Dynamic languages are getting more popular these days and I'm one of those guys that likes to try new things so I jumped on the dynamic language wagon. One of the things I'm looking for is where it is actually faster than C# (Not only in the language constructs, but with engine startup as well). The fact that I'm looking where it is faster is because I want a good solution to reflect some of my Reflection constructs with a more dynamic approach using python or some other dynamic language.
Last week I've been working on an object persistence framework that I'm going to use in my open source scheduling application. I've created the framework because CSLA.NET frameworks were a bit of a hassle to work with and NHibernate was a bit too much for me, mostly because I wanted to partially load types and don't need support for persisting relations, I will be doing this myself. The framework I created uses the enterprise library for the data access components. This offers me with a database independent method of working with data. However it doesn't make my work any less hard when it comes to writing the plumbing for loading and saving entities. This still requires a few hundred lines of code.
To solve the plumbing problem I wrote some code that finds all properties of an type that are marked with the PersistentProperty attribute. These are cached once and used during lifespan of the appdomain. This cuts back on the reflection time. However the framework still used reflection to set values of properties on objects. My computer is fast enough to handle this, but it buggers me ;P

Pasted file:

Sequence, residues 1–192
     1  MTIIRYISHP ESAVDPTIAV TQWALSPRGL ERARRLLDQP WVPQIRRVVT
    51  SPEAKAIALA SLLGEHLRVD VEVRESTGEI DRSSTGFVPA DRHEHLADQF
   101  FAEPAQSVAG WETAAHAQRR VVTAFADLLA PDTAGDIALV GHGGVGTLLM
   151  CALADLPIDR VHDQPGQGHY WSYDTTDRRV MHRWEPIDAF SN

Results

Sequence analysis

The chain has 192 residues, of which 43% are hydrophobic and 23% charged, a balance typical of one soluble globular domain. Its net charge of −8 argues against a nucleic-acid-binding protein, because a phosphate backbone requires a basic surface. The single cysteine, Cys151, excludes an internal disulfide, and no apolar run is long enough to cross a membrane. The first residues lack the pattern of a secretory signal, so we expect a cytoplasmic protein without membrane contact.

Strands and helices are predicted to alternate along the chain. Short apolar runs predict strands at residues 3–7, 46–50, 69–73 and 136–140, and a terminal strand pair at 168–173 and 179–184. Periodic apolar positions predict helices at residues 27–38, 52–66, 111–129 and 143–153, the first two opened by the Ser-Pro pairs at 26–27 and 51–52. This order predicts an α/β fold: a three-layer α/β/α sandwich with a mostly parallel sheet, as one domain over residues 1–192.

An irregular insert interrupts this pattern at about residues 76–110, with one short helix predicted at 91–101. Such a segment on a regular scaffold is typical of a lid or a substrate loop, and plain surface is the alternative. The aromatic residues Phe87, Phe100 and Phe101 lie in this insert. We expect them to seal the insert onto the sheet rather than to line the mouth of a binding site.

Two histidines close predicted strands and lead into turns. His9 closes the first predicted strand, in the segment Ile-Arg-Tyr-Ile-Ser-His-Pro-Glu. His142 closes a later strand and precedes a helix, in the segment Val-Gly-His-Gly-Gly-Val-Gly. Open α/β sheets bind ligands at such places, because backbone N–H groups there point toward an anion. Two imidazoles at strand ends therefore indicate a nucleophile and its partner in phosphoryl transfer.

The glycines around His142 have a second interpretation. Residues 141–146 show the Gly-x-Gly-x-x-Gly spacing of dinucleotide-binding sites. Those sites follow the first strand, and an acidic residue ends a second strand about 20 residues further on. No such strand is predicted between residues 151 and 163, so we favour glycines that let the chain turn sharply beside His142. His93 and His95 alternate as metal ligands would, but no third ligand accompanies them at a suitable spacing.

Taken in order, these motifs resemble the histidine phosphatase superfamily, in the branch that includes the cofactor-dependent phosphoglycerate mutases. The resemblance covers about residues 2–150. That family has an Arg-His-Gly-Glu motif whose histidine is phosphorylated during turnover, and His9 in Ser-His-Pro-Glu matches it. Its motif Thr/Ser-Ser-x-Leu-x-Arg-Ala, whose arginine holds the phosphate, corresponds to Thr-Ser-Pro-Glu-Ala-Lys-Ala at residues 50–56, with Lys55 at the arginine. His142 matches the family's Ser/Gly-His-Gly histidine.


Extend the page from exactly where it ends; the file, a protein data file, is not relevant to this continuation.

This is where I got my first good appliance of IronPython. Instead of using reflection to assign loaded values to properties of an object, I used a python script to do this. The script is as simple as this:
# The following objects are available in this script # # ObjectUnderConstruction - The object to construct # DataReader - The datareader containing the values to insert # PropertyFieldDictionary - The properties of the object # Construct the fields for the object for propertyName in PropertyFieldDictionary.Keys: fieldValue = DataReader.GetValue(DataReader.GetOrdinal(PropertyFieldDictionary[propertyName])) setattr(ObjectUnderConstruction,propertyName,fieldValue)
One of the weirdest features of IronPython and Python in general is the fact that typing is dynamic. Every method and class is in fact a variable itself. My theory is that this should eliminate the costs of reflection and should make my code a lot faster. There is however one catch, the engine can be actually slower to start than it would be to just use reflection. I haven't tested this yet, so I might be all wrong on this. The application will host the IronPython runtime and start the script when it needs to map database values to an object. The hosting is also really simple:
T temporaryObject = new T(); //Register the engine globals engine.DefaultModule.Globals.Add("ObjectUnderConstruction", temporaryObject); engine.DefaultModule.Globals.Add("DataReader", reader); engine.DefaultModule.Globals.Add("PropertyFieldDictionary", _selectPropertyFieldCache[objectType]); string scriptContent = Encoding.Unicode.GetString(Properties.Resources.LoadPersistentObject); engine.Execute(scriptContent); result.Add(temporaryObject);
What's really fun about this is the fact that I can share my own variables inside the method with the IronPython script. This makes it easy for me to inject predefined variables into the script that I can manipulate there, the changes I made in the script are reflected back into the .NET environment.
Tomorrow I will be testing to see if my new version of the ObjectPersistenceHelper class is really faster than my old one. I hope it is, because that would open a new perspective of programming for me.